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stackstorm-ha Helm Chart

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K8s Helm Chart for running StackStorm cluster in HA mode.

It will install 2 replicas for each component of StackStorm microservices for redundancy, as well as backends like RabbitMQ HA, MongoDB HA Replicaset and Redis cluster that st2 replies on for MQ, DB and distributed coordination respectively.

It's more than welcome to fine-tune each component settings to fit specific availability/scalability demands.



  1. Edit values.yaml with configuration for the StackStorm HA K8s cluster.

NB! It's highly recommended to set your own secrets as file contains unsafe defaults like self-signed SSL certificates, SSH keys, StackStorm access and DB/MQ passwords!

  1. Pull 3rd party Helm dependencies:
helm dependency update
  1. Install the chart
helm install .
  1. Upgrade Once you make any changes to values, upgrade the cluster:
helm upgrade <release-name> .


The default configuration values for this chart are described in values.yaml.


Ingress is worth considering if you want to expose multiple services under the same IP address, and these services all use the same L7 protocol (typically HTTP). You only pay for one load balancer if you are using native cloud integration, and because Ingress is "smart", you can get a lot of features out of the box (like SSL, Auth, Routing, etc.). See the ingress section in values.yaml for configuration details.

You will first need to deploy an ingress controller of your preference. See for more information.


The Community FOSS Dockerfiles used to generate the docker images for each st2 component are available at st2-dockerfiles.


A helper container to switch into and run st2 CLI commands against the deployed StackStorm cluster. All resources like credentials, configs, RBAC, packs, keys and secrets are shared with this container.

# obtain st2client pod name
ST2CLIENT=$(kubectl get pod -l -o jsonpath="{.items[0]}")

# run a single st2 client command
kubectl exec -it ${ST2CLIENT} -- st2 --version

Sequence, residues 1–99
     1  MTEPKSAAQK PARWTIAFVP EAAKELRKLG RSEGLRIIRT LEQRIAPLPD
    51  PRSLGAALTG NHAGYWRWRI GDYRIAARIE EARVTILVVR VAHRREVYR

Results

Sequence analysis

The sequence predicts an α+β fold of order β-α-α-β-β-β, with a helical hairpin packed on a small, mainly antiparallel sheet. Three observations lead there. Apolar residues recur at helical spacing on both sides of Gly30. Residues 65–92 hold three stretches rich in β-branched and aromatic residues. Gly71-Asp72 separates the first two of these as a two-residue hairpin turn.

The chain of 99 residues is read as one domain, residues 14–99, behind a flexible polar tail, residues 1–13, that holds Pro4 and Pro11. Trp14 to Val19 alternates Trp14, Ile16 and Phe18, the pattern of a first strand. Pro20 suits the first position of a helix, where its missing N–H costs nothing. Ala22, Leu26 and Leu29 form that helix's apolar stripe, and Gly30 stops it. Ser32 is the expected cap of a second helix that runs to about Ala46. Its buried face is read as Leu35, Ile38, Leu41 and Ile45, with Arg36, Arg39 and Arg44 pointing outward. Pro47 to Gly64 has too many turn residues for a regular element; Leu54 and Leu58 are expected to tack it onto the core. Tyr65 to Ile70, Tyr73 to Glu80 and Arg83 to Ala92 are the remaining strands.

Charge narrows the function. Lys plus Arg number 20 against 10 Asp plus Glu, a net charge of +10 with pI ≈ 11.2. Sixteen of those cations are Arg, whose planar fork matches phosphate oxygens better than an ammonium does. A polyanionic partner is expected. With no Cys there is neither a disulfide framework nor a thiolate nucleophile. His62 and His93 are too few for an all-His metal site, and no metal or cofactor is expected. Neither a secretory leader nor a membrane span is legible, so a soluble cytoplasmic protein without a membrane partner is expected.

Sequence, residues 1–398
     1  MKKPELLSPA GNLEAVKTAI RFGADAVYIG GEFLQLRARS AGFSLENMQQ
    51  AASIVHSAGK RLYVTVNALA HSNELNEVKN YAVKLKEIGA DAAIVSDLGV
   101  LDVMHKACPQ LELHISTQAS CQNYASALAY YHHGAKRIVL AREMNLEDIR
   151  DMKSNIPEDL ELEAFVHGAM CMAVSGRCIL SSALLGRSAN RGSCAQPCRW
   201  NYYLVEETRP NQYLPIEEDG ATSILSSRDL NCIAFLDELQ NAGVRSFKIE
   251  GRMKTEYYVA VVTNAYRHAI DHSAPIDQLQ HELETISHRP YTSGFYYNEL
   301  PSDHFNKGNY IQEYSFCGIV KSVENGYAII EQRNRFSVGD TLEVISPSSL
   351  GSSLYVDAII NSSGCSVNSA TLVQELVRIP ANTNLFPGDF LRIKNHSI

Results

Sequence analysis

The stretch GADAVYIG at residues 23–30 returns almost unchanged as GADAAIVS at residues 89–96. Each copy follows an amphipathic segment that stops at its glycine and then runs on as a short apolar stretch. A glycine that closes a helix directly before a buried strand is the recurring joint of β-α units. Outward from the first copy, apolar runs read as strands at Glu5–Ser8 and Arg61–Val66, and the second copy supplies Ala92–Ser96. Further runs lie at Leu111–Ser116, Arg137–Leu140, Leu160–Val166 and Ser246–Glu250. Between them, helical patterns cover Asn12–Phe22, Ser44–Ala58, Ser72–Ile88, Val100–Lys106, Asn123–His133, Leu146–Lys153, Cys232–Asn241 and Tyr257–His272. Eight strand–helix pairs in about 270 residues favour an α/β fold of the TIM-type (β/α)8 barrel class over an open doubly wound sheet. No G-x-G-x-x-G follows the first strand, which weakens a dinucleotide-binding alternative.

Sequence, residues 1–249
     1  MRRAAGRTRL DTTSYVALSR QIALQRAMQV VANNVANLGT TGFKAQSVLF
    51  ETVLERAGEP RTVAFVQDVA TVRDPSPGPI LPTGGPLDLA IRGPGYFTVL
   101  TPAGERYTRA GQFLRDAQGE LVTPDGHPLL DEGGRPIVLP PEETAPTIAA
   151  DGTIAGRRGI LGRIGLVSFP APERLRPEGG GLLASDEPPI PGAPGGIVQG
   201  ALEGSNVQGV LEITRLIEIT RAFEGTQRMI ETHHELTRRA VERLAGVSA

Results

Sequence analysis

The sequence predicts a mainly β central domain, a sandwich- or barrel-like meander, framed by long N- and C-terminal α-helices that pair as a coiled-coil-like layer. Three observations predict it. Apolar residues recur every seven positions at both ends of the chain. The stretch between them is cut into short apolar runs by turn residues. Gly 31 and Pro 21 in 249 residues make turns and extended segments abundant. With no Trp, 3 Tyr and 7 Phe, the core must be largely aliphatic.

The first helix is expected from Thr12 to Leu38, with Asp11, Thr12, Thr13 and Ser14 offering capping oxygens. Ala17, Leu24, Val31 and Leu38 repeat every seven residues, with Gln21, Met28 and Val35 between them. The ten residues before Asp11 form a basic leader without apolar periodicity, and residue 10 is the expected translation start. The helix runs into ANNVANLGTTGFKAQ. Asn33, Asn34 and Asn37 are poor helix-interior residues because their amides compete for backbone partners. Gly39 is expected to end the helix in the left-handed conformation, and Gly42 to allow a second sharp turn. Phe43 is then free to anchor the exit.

# switch into a container shell and use st2 CLI
kubectl exec -it ${ST2CLIENT} /bin/bash


st2web is a StackStorm Web UI admin dashboard. By default, st2web K8s config includes a Pod Deployment and a Service. 2 replicas (configurable) of st2web serve the web app and proxy requests to st2auth, st2api, st2stream. By default, st2web uses HTTP instead of HTTPS. We recommend you rely on LoadBalancer or Ingress to add HTTPS layer on top of it.

Note! By default, st2web is a NodePort Service and is not exposed to the public net. If your Kubernetes cluster setup supports the LoadBalancer service type, you can edit the corresponding helm values to configure st2web as a LoadBalancer service in order to expose it and the services it proxies to the public net.


All authentication is managed by st2auth service. K8s configuration includes a Pod Deployment backed by 2 replicas by default and Service of type ClusterIP listening on port 9100. Multiple st2auth processes can be behind a load balancer in an active-active configuration and you can increase number of replicas per your discretion.


Service hosts the REST API endpoints that serve requests from WebUI, CLI, ChatOps and other st2 components. K8s configuration consists of Pod Deployment with 2 default replicas for HA and ClusterIP Service accepting HTTP requests on port 9101. Being one of the most important StackStorm services with a lot of logic involved, we recommend you increase the number of replicas if you expect increased load.


StackStorm st2stream - exposes a server-sent event stream, used by the clients like WebUI and ChatOps to receive updates from the st2stream server. Similar to st2auth and st2api, st2stream K8s configuration includes Pod Deployment with 2 replicas for HA (can be increased in values.yaml) and ClusterIP Service listening on port 9102.


st2rulesengine evaluates rules when it sees new triggers and decides if new action execution should be requested. K8s config includes Pod Deployment with 2 (configurable) replicas by default for HA.


st2timersengine is responsible for scheduling all user specified timers aka st2 cron. Only a single replica is created via K8s Deployment as timersengine can't work in active-active mode at the moment (multiple timers will produce duplicated events) and it relies on K8s failover/reschedule capabilities to address cases of process failure.


st2workflowengine drives the execution of orquesta workflows and actually schedules actions to run by another component st2actionrunner. Multiple st2workflowengine processes can run in active-active mode and so minimum 2 K8s Deployment replicas are created by default. All the workflow engine processes will share the load and pick up more work if one or more of the processes become available.